Like the Naga Epic, the Ouroboros (Ancient Greek for "serpent chomping on its own tail") works both wirelessly and via cable. It may not have a hundred buttons under the thumb, but to attract gamers it instead relies on a customisable body and 8,200 dpi laser and optical sensors.
The sober body lights up, but only in certain spots (the scroll wheel and next to the side buttons). The hardish exterior doesn't feel quite as nice as, say, the Roccat Kone Pure's.
The biggest stand-out feature on the Ouroboros is that you can customise the body to fit the shape of your hand. You can make it up to 1.5 cm longer, from 12.5 cm to up to 14 cm, by sliding back the palm rest.
You can also raise the palm rest to make it higher by spinning the dial on the rear.
Two small side panels can also be added to either side of the mouse, held in place by magnets. We didn't find the thumb and pinkie grips really worth the trouble, as they change the way the mouse glides, making it not as smooth and quiet. We say stick with the other two.
Like the Razer Taipan, the Ouroboros works equally well for righties and lefties because there's a set of three thumb buttons on both sides. These buttons can be assigned to your favourite commands, shortcuts and macros.
The buttons on the pinkie side are good for actions you don't use as often. Sadly, for most people button 3 will be too hard to click with a pinkie or ring finger.
There are two more buttons right below the (ratchet-style only) scroll wheel, for a total of eleven buttons. People tend to use these for adjusting the resolution on the fly (anywhere from 100 to 8,200 dpi), but you can assign them to whatever you want in the driver.
The driver itself is easy to use. It's where you go to choose the button commands, save configurations as profiles and assign profiles to specific games and programmes. You can quickly tell which profile is active by looking at the intensity of the green diodes. Unfortunately, the diodes don't change colour, so it's harder to see which one it is when changing profiles on the fly.
Like the Naga Epic, the Ouroboros works both wirelessly and via cable.
When it's wireless, the charging station doubles as an interface with the computer. The mouse is powered with one rechargeable AAA battery (included).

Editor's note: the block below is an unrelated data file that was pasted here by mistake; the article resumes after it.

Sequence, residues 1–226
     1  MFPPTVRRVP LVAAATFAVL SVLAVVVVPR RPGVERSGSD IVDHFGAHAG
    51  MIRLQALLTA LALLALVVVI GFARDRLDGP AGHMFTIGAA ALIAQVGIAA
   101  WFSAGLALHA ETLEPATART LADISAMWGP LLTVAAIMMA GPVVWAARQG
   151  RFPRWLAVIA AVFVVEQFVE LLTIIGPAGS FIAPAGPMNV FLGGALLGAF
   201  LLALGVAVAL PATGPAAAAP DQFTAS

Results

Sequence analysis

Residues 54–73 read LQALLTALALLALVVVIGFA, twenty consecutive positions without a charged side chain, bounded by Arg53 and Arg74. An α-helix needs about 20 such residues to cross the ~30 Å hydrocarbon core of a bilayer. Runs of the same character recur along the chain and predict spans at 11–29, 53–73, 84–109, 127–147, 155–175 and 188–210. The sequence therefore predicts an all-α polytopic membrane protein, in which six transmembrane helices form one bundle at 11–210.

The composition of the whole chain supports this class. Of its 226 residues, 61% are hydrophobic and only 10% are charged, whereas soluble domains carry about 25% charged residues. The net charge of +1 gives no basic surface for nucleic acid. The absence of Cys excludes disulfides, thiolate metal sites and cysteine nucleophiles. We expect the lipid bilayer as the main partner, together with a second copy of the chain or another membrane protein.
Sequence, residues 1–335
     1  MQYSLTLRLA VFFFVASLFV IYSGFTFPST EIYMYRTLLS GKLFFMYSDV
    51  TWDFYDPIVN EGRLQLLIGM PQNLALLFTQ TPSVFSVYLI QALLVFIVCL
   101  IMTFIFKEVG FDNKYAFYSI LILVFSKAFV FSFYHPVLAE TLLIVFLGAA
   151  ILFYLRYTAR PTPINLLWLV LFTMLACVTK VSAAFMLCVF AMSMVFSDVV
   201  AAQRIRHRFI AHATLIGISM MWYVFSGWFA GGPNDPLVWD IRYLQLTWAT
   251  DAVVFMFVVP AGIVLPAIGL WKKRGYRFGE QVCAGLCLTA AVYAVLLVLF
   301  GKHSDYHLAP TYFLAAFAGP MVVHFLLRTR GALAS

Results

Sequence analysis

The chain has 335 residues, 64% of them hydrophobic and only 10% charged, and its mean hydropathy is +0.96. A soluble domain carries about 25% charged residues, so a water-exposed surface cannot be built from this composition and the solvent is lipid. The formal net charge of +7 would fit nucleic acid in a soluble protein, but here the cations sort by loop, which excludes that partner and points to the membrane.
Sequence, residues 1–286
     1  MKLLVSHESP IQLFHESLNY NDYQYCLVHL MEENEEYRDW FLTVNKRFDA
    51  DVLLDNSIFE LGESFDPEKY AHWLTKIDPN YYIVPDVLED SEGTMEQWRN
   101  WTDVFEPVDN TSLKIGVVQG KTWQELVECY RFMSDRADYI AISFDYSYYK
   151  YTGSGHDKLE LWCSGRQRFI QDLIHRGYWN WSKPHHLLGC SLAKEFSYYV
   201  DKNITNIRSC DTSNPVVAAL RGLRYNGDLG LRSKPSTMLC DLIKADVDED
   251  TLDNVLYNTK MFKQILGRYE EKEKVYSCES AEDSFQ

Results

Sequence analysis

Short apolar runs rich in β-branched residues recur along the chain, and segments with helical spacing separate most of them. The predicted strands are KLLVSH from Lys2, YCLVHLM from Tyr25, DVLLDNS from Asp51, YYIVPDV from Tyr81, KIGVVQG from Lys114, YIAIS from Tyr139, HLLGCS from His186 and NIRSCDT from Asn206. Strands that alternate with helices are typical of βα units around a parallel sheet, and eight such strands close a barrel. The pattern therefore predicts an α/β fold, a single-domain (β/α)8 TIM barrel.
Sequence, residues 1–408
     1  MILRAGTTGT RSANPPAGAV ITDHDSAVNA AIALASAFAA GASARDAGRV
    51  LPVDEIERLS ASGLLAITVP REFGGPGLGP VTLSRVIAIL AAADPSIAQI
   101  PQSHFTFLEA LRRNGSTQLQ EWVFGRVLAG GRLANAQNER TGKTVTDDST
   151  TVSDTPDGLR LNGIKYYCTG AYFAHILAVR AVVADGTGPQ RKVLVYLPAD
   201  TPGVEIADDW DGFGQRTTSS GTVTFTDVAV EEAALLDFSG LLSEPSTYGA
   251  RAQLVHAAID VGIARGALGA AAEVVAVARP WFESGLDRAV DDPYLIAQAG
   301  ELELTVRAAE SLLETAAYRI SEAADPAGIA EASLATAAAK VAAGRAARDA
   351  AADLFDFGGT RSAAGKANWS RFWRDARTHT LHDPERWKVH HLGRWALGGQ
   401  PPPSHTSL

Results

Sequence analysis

The palm rest slides back, showing the battery compartment
Razer put a battery indicator at the top of the mouse in the form of three short, horizontal lines that light up. Or you can go into the driver to see how much battery is left as a percentage.
To connect the Ouroboros via cable, you just unplug the USB cable from the charging station and plug it into the front of the mouse. That way the battery recharges while you use the mouse. Or you can take the battery out and reduce the weight from 120 to 105 grammes.
Every time you switch from wireless to wired, it takes the driver a couple of seconds to detect it, so you'll have a moment of latency. Best not switch it up mid-game.
All in all, the Ouroboros has pretty much everything you could want out of a mouse. We would have preferred a smooth scroll wheel—it may not come in particularly handy for video games, but it's much more enjoyable when web browsing.
With 1000 Hz polling, the Ouroboros can handle both standard tasks (productivity, web browsing, etc.) and tasks that demand more precision (gaming, graphic design, etc.). Unfortunately, you can only reach 1000 Hz when the mouse is connected via USB. Using it wirelessly the poll rate drops to 750 Hz.
A gaming mouse requires a sensor capable of handling speeds of up to 3 metres per second.
The Ouroboros detects twice that speed!
At 1000 Hz, the Ouroboros requires less processing power (22%) than many competing mice, which tend to range from 30% to 40%. But if you still need to free up more power you can always drop the polling rate to 500 Hz in the driver.